National Poetry Month: April 14

Hi friends.

In 1987, around this time of year, Spring, I was working my first job in Los Angeles, a recent transplant from New York City. My pal, Gregory and I had travelled in my mighty Mustang across this vast country, full of mixed emotions, and the anxieties of moving to a place thousands of miles away from what’s familiar, what you’re accustomed to.

That same spring, I came home from slinging burgers at Hampton’s to find out that my childhood buddy, James, was murdered. He’d been studying at the University of Tokyo, and left to sightsee in Bangkok, before he planned to meet me in Los Angeles. I was anticipating his arrival any day. I still do.

The first time I heard the extra-ordinary poet Dorianne Laux read “Trying to Raise the Dead” was at Truth & Beauty Conference in Carter Hall, Virginia. There wasn’t a dry eye after she’d finished her last line, this poem is that raw, phenomenal. (I thought of you, James, like the endless times I do. And I thought about loss).

Robert Vaughan reads “Trying to Raise the Dead” by Dorianne Laux – YouTube

Did you lose someone you love? How do you keep in contact? Can you feel his or her presence like as I do James?

About Robert Vaughan

Originally from NY, Robert leads week long National writing retreats at sites like Synergia Ranch, Cedar Valley and The Clearing. His poems and fiction are published in over 600 print and online magazines, such as Necessary Fiction, BlazeVOX, Los Angeles Weekly, Literary Orphans, and Smokelong Quarterly. He is Editor-in-Chief at Bending Genres and leads round- tables for Redoak Writing in Milwaukee. He is nine times a Pushcart Prize Nominee and his fiction and poetry have won awards, including a Micro-Fiction runner-up (2012) and twice a finalist in the Gertrude Stein Fiction Award (2013-14). His flash fiction was selected for Best Small Fictions 2016 and 2019. His books are: Microtones (Cervena Barva Press); Diptychs + Triptychs + Lipsticks + Dipshits (Deadly Chaps); Addicts & Basements (Civil Coping Mechanisms); RIFT, co-authored with Kathy Fish (Unknown Press), and FUNHOUSE (Unknown Press).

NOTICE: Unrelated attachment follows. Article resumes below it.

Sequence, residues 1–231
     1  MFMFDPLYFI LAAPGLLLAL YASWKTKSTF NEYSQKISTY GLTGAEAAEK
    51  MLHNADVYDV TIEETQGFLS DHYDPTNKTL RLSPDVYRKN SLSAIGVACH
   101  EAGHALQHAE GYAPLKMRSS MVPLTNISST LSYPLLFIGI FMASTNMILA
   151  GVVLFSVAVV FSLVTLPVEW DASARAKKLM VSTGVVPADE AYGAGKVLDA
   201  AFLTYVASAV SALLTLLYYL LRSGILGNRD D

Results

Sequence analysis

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3 Responses to National Poetry Month: April 14

  1. Dorianne Laux says:

    I write poems to stay close to my dead. And yes, I feel my mom’s presence so often, mostly in myself, I see, hear, smell, taste, touch or think something and suddenly I’m her, alive again in that moment. And when I look at my hands, or catch myself in the mirror, not when I’m looking, but when I look up from washing my hands or buttoning my shirt, and catch myself– it’s her, looking back at me. Thank you for this post Robert. I hear you. I’m there. xx –d

  2. Andrea says:

    I miss James too. I also miss my Grandfather, grandmothers and Tante like crazy. I feel they are around me all the time and sometimes they come too me in my dreams. Just seeing them again and sometimes talking to them is a great kind of solace for me.

  3. megtuite says:

    Where are you? I so LOVED this, Robert! It’s heartbreaking and beautiful! Thank you for reading this! I’m enjoying the daily poetry readings and the exceptional poetry you choose each day!

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